I love Star Wars. When I was a kid I saw the first minutes of Episode IV before my parents promptly sent me to bed. They were recording it for my brother and me so we could to watch it the following day, during our school-free Wednesday afternoon. But it was not enough. So I got out of bed, and walked my way back to the TV room to sit behind the door and listen. I thought I was being so clever and so discreet… It took approximately 20 seconds for my dad to show up at said door and send me back to bed with this terrifying threat: “Go back to bed or I stop recording the movie”.
I have not read many of the Dark Horse comics, but I have read Brian Wood’s Star Wars and enjoyed most of it. I was pretty excited by the first issue of the new comic. And Marvel had done its share to make me want to read it. To name only one thing: Jason Aaron is one of my favorite writers. And I wasn’t disappointed. I enjoyed reading it. I agreed with most of the excitement I saw online, including here at Panels where Dave Accampo made a very compelling case. Yet somehow when issue two came out, I did not jump on it.
When I pick up my comics I usually sit down with the week’s pile (which sometimes include more than one week worth of comics) and I loosely rank them in the order I want to read. I am not the kind to keep the best for the end. I am always afraid I will not have enough time to go through everything, so I start with what I really want to read. For example, I don’t think I have ever read anything but Saga first when it was part of the batch. And something strange happened with issue two of Star Wars. I put it in second position. But as I finished whatever I was reading first, I pushed it back one rank. I kept postponing reading it every time I was finished with what came before. It actually ended up on the bottom of the pile. I read it last.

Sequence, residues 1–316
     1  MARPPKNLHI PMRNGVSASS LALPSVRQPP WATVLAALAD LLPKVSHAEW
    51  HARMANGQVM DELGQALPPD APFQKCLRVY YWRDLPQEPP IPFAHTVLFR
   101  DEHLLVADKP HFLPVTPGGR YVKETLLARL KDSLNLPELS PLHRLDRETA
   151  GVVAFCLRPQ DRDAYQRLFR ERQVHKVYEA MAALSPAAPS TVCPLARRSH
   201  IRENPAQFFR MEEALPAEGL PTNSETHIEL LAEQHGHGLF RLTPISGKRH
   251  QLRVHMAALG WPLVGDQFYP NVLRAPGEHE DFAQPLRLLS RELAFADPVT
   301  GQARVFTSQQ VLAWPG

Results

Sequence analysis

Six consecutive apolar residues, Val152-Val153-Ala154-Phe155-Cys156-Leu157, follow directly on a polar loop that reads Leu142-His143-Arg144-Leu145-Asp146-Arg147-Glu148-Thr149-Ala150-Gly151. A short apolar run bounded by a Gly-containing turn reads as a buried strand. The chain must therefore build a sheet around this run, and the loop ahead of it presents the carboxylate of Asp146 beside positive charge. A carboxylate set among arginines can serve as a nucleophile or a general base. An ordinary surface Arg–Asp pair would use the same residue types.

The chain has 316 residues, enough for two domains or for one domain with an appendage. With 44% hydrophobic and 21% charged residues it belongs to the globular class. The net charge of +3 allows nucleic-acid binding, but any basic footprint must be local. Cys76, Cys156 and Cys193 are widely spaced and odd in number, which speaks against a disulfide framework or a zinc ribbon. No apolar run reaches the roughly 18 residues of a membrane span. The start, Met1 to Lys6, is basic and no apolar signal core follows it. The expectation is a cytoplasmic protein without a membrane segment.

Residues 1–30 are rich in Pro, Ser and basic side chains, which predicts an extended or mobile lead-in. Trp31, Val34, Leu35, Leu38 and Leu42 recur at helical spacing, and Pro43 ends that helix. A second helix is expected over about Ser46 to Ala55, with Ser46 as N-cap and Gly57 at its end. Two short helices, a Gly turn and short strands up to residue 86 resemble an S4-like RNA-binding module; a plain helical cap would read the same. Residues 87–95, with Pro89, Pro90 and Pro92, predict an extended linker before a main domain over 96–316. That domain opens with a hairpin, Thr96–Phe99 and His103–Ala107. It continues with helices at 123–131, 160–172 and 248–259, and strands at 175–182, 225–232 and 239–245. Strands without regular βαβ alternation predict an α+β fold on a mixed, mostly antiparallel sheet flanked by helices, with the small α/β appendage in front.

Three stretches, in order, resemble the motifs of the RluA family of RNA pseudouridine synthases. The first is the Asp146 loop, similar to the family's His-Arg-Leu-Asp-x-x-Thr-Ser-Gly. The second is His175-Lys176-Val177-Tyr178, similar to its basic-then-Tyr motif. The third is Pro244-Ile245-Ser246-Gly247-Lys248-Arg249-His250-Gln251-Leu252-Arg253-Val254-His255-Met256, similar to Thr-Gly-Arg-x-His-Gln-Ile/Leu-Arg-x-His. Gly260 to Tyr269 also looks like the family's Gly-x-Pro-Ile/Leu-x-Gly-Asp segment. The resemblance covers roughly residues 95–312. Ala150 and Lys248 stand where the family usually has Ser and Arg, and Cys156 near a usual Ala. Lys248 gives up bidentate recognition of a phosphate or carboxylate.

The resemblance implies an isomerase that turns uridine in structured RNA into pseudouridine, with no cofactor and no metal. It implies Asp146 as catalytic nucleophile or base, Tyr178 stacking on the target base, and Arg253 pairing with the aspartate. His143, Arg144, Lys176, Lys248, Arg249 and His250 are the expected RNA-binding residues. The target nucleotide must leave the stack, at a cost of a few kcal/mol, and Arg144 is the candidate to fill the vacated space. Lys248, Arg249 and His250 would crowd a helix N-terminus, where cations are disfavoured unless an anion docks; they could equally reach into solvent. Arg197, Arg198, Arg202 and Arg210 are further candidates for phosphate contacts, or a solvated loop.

And it took me time to actually figure out why I was not behaving like I truly enjoyed the comic. Because even after I was done with issue two, all the things I said I had liked in issue one were still there. I had visibly enjoyed issue one, why wasn’t I behaving as such? Why was I disappointed by issue two when it was more of the same stuff I had enjoyed? I have to credit some people who have helped me understand some of what was not working for me including iFanboy’s episode 471. And it comes down to this: it does not feel real to me. If Luke had to fight Vader at this stage of the story I would have known about it. The story the comic tells us is exciting because it seems important to the main story, but it is exactly the reason why I don’t think it couldn’t have happened. To borrow the metaphor from Dave’s post who described the first issue as feeling like someone finding a lost recording of the original band, my brain does not want to accept these new tracks as genuine. If such a recording existed we would have known about it. Here, if such important things had happened in between the movies, they would have been part of the main story. They would have been included in the movies, not part of the ellipses. I think the reason I liked Brian Wood’s Star Wars is that it made sense that the kind of adventures Luke, Han, and Leia were having had happened off screen. I like these comics because I could believe they took place in between the movies without me knowing about them until now.
I do understand that these reasons why I do not think the comic is for me are probably contributing to make it a successful book. Why, when you pick up a comic called Star Wars, wouldn’t you want to find the all-star cast of the movies? Worse, I am probably going to keep reading it for at least a few more issues. I want to still be able to discuss what is going on. So please keep telling me why I am wrong. You might talk me into believing in the existence of this story. I want to!
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